There was an unexpected element to DmC: Devil May Cry. It was always going to be about smashing up demons. It was always going to feature weapon-switching, combo-building, score-chasing, and combat tech-fests. What was possibly more of a surprise was it being an outlandish political satire which takes aim at consumer culture, finance and banking, surveillance society, and right-wing media. Ninja Theory’s Dominic Matthews explains the role satire plays in DmC’s cultural commentary on evil.
Dante’s nemesis, Mundus, isn’t just king of the demons. He’s a big shot banker, operating from the top of a twisted skyscraper, which might be at home in the financial districts of London, Frankfurt or New York. Revelling in the power he yields, he keeps the general population in debt. His allies are the likes of Bob Barbus, a manipulative Fox-News-alike news anchor who tries to frame Dante as a degenerate terrorist, and a foul mouthed succubus who squirts soft-drinks out of one end as obscenities flow from the other.
“We made the concept of rebellion — also the name of Dante’s sword — the heart of DmC,” says Ninja Theory’s Dominic Matthews. “Rebellion in its current form covers all these issues in modern day society. But more than that, we wanted to consider a different kind of evil in DmC, one that didn’t rely on the typical horned devil.”
Matthews explains that bringing a new, contemporary direction to the series was always the brief from. “It was our mission to take Devil May Cry and take it in a completely fresh direction. Capcom said to us, ‘Think about Dante as if he were a character from a contemporary western movie.’ They gave us a lot of creative freedom and support in the direction we wanted to take things. The challenge was to keep Dante, the spirit of Dante, and Devil May Cry, while bringing the themes, the look and attitude into the here and now. We were asked to reimagine the franchise. That also meant reimagining evil.”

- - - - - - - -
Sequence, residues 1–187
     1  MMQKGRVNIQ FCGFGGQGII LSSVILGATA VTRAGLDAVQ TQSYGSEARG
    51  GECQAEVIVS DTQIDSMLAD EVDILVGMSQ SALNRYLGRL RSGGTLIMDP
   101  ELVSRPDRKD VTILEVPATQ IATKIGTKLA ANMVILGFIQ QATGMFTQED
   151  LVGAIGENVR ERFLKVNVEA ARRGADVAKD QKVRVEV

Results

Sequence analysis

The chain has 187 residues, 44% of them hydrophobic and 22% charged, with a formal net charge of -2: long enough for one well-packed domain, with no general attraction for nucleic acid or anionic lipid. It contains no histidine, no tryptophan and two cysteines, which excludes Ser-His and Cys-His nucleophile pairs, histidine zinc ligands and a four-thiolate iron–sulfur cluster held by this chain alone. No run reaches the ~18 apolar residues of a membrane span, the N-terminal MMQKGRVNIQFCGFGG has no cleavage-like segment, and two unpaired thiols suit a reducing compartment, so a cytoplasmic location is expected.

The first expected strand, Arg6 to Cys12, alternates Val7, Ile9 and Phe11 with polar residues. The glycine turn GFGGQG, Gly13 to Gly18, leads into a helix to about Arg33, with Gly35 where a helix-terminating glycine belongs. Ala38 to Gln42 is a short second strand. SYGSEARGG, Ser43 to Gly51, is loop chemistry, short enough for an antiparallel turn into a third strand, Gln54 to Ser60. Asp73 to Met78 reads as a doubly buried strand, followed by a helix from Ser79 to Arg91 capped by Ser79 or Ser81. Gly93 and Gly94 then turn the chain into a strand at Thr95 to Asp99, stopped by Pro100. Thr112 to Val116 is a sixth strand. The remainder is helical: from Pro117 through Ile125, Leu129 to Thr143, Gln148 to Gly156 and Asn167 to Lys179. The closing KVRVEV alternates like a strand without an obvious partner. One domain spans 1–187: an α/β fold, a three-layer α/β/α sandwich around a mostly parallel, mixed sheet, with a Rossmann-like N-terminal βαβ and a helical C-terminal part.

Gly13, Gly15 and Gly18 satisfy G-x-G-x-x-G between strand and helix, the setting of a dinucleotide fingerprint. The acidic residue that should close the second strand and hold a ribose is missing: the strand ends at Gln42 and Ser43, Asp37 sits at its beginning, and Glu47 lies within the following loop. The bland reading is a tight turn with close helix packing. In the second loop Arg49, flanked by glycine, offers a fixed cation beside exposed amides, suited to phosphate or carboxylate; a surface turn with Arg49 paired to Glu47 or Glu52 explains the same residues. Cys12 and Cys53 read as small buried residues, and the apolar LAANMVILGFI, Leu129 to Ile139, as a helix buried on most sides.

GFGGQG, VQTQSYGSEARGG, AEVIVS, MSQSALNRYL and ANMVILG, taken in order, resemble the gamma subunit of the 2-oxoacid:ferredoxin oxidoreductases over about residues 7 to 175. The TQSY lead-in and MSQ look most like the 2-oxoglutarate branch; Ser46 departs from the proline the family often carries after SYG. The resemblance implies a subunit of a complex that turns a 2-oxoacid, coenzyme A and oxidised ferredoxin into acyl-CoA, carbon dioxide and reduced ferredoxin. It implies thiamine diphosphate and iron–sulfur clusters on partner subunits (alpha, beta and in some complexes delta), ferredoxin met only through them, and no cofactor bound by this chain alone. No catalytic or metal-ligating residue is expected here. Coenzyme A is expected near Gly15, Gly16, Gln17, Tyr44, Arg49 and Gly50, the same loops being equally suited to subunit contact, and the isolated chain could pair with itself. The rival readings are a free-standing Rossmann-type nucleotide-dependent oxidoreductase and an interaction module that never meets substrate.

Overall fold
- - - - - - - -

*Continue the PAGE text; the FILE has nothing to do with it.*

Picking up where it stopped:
In the way that DmC deals with this new evil, it’s drawn a number of comparisons with John Carpenter’s They Live. In the classic film, the protagonist obtains what might be described as a pair of ‘ideology sunglasses’. When wearing the sunglasses, the truth behind the banal advertisements, shop signs, and magazines which surround the protagonist are revealed, so that he is bombarded by messages commanding him to “obey”, “marry and reproduce”, and “consume”. DmC pulls the same trick, so it’s no surprise when Matthews confirms that They Live was indeed an influence.
When Dante is pulled into the demonic dimension of Limbo, the shift of perspective puts him in a world in which ideology becomes plain to see. Early on a sign that reads “Hot Food” becomes “Gluttony is good”. DmC adds its own twist to the formula by ramping the concept up a level or two. In Limbo, the environment itself becomes oppressive as it shifts and mutates to try and hinder your progress. You’re not just being told to obey, the world itself actively conspires to make you obey.
What you get from DmC then is not a narrative about demons tempting the innocent, torturing and tormenting souls, or using automated phone services to constantly bother you about Payment Protection Insurance. You get a story about a population controlled by powerful and corrupt financial institutions which hold sway over government. A story about a population with its senses dulled by an obsession with consumer culture and celebrity. About a population fed lies through a reactionary corporate media network which seeks to police the truth rather than reveal it. So, outlandish as it is, DmC’s world is a satirical interpretation of our own.
Ninja Theory have simply held it to a fun-house mirror, warping and accentuating its most disturbing features.